In the age of the Internet, the message for Vietnam is the same as that for government agencies worldwide:  Google knows and Facebook shares.


What Flappy Bird Tells Us about Vietnam

If you don’t think Vietnam has arrived yet as a player in the global economy, consider the case of Flappy Bird.  The sensational smart phone app dominated downloads of games on android and iTunes until its creator yanked it from the Internet last weekend.

The Flappy Bird inventor is a Vietnamese software engineer named Dong Nguyen, who lives with his parents in Hanoi.  He withdrew the app — even though it was bringing in up to $50,000 a day in ad revenue — because he was tired of the notoriety that was ruining his tranquil life.

A few years ago, millions of people in Vietnam didn’t have electricity, land lines, computers or access to the Internet — much less smart phones, and nobody in the Western world could have imagined a 29-year-old Vietnamese geek inventing a silly game that would consume hundreds of millions of hours that could otherwise have been spent on something more productive.  Yet that is exactly what has happened since Dong released Flappy Bird to the global economy last May.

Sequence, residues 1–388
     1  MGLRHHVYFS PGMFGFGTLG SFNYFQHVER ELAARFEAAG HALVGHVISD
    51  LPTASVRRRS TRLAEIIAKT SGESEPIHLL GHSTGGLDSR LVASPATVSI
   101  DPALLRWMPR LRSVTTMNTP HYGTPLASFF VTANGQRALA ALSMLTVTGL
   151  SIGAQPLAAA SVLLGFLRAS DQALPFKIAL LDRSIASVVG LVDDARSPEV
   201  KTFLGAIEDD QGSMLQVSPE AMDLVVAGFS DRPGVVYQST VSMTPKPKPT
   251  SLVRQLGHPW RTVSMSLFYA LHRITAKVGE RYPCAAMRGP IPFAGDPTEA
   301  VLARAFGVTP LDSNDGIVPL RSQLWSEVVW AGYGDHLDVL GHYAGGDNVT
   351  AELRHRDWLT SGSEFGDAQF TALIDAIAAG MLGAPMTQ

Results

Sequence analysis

Dong’s critics — and there are many of them — question whether he withdrew the game from the market as a publicity stunt to get people to focus on his next act.  He says the game disappeared because it is too addictive and because the international attention caused him too much grief.

A broader explanation might be cultural:  Vietnam has changed so dramatically and so fast that sometimes its ways of life cannot catch up with technology and market realities.  One of the cultural attributes of traditional Vietnam is a tendency not to bring attention to oneself — to be unassuming, modest, shy.  Could that be part of the reason Dong wants to get his life back?